Monday, April 6, 2009

The real fiction

I read a book this weekend. That's not really news I guess, seeing as it's something I do fairly regularly. Read, that is. It's just that it was one of those books you can't put down. Or, at least, I couldn't put down.

Whiplash, by Tracey Farren. It's a gritty story set in Muizenberg about a painkiller-addicted prostitute. So, no, it's not my normal fluffy 'chick-lit' kind of book but it's the kind of book that I love - set in a familiar place, with real characters. It's not an easy read, it is sad and violent and scary and, well, gritty. That really is the best word for it. But, overwhelmingingly, it is filled with the human spirit and beautiful, fragile, but firm relationships between people.

In one breath it made me wonder at the cruelty of the society we live in and, in the next, rejoice in the silver thread of love that runs through us all, regardless of our circumstances. Essentially, in comparison to the (very real) circumstances in which this book is set, I am a spoilt little rich kid, and I always find myself thankful that people write books like this so that I can open my eyes too. That makes me sound like I walk around blind to the world, I don't really, I sometimes think I take too much in, but that's another story.

Coincidentally I found myself in Muizenberg for dinner on Saturday with some friends. I was in another world though, my head still in the book, that I had left on my bed. As we drove through the dark streets, I saw her shadows dancing down by the beachfront, the salt air blowing through her hair, as I watched a deal go down in the car in the parking lot over the tracks.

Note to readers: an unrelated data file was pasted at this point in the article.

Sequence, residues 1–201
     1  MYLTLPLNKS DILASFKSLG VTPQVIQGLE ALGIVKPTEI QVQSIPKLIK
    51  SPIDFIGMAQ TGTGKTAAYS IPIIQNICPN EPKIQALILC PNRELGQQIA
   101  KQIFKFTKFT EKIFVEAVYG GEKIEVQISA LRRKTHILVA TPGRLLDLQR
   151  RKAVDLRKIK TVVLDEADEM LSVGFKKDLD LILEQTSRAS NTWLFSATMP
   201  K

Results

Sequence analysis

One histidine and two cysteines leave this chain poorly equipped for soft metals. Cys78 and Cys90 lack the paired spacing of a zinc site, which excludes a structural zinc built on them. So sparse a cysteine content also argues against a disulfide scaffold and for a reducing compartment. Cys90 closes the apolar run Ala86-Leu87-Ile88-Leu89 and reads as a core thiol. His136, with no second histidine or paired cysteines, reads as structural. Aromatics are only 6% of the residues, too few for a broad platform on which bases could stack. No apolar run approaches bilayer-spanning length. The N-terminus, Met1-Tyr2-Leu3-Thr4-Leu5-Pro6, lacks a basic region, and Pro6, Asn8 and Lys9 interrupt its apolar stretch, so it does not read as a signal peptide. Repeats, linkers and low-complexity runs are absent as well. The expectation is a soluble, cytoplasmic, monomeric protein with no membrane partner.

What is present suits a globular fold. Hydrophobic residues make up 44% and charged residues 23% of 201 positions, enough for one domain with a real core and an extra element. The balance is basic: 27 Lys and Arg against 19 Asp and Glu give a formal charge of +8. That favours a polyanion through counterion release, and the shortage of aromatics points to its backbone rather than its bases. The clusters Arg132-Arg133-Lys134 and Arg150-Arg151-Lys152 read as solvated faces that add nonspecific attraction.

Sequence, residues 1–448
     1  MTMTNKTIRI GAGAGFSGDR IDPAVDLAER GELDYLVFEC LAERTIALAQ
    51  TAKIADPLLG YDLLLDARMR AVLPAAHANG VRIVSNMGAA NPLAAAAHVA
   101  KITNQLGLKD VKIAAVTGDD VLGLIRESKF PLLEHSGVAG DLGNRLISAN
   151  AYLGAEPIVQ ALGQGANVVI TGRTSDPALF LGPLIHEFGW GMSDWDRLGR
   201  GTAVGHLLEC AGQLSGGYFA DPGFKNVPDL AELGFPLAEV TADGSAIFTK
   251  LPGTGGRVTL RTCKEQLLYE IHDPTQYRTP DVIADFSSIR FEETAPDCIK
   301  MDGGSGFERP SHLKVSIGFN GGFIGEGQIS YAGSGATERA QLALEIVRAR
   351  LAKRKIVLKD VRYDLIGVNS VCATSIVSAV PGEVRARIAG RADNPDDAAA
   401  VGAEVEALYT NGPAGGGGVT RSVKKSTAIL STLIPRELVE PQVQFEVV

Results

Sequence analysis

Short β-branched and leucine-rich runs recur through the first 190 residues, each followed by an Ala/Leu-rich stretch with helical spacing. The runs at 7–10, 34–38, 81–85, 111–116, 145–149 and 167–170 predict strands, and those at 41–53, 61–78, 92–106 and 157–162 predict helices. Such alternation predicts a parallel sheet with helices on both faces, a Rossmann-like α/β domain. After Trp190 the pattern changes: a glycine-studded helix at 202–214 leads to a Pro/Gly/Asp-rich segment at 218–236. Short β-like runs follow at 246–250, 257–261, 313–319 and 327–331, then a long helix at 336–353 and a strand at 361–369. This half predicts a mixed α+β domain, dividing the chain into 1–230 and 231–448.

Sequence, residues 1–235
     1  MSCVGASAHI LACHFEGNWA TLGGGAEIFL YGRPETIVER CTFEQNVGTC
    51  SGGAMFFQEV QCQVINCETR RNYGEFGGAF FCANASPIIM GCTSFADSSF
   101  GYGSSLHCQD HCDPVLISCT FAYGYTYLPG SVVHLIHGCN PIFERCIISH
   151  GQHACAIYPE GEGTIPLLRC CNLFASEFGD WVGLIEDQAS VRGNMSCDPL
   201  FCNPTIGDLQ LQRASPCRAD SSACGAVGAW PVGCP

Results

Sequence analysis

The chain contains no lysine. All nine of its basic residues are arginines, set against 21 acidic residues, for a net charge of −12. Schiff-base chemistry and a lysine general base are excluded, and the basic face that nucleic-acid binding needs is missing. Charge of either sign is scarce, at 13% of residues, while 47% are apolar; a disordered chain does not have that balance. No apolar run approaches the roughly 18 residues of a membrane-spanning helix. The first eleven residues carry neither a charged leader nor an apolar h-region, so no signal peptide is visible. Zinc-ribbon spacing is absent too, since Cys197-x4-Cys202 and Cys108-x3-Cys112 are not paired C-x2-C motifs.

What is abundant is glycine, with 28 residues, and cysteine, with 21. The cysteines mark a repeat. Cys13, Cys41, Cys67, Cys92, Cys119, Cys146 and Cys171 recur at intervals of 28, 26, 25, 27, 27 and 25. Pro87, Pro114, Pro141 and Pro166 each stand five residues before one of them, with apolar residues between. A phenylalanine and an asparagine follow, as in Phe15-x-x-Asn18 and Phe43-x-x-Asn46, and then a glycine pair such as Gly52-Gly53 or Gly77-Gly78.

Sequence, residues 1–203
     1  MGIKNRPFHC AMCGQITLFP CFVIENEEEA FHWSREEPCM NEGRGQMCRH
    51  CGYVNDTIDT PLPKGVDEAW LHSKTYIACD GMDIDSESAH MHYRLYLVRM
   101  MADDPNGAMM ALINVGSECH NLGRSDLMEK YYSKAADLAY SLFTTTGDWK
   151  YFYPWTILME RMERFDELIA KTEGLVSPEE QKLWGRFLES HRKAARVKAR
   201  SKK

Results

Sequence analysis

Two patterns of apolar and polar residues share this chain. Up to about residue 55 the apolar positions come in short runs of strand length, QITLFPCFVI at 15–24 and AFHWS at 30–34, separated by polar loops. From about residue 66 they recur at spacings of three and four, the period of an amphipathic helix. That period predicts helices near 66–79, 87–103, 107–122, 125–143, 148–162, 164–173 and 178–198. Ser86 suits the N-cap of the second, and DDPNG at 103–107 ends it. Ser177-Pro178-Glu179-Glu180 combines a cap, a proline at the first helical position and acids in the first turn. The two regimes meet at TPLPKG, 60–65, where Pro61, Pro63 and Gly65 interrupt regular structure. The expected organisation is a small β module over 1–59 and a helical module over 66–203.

I think I may be blurring my fiction with reality. Or is it my reality blurring with fiction?

6 comments:

Frank J said...

Hiya Shiny

Whilst I'm not familiar with Muizenburg or the 'darkness' within it, I can only speak from, let's call it - 'similar' experiences in the seedire parts of Joburg. Where violence and cruetly in the inner city and suburbs is a reality and deals going down are too.

And in all of that, there's no fiction in the silver threads of love either. They're as real as waffles with ice-cream - even in that seedy underbelly. Trust me, I've been there.

Shiny said...

Frank, I love that you see it. It is SO important for us to - while being perfectly aware, and realistic about all that cruelty - see that silvery thread of love

x

colleen said...

I am the publisher of Whiplash, and I love how you write about it. Thanks for posting your response, it reminds me of why I decided to publish this extraordinary book.

http://modjaji.book.co.za

Maire Fisher said...

And I helped edit this extraordinary book. Tess has become part of me - I often think of her, wonder what will happen to her next. A movie I think ... I don't think I've met anyone who hasn't read and loved Whiplash - to the extent that one of the members of my bookclub was halfway through the book when she had to go shopping and she was very worried about leaving Tess on her own.

It's a must read for all South Africans and all those beyond our borders too!

PS There's a Facebook fanclub for Whiplash too!

Shiny said...

Colleen - Thank you. I meant to e-mail you/Tracy actually after I read it and then wrote that post, and promptly forgot. Am loving the fact that there's such great fiction coming out of SA - it's just fabulous reading books set in familiar places x

Shiny said...

Maire - oh yes! How true. Reading it, Tess was so real and, well, human. I wanted to reach into the book and hug her. Repeatedly x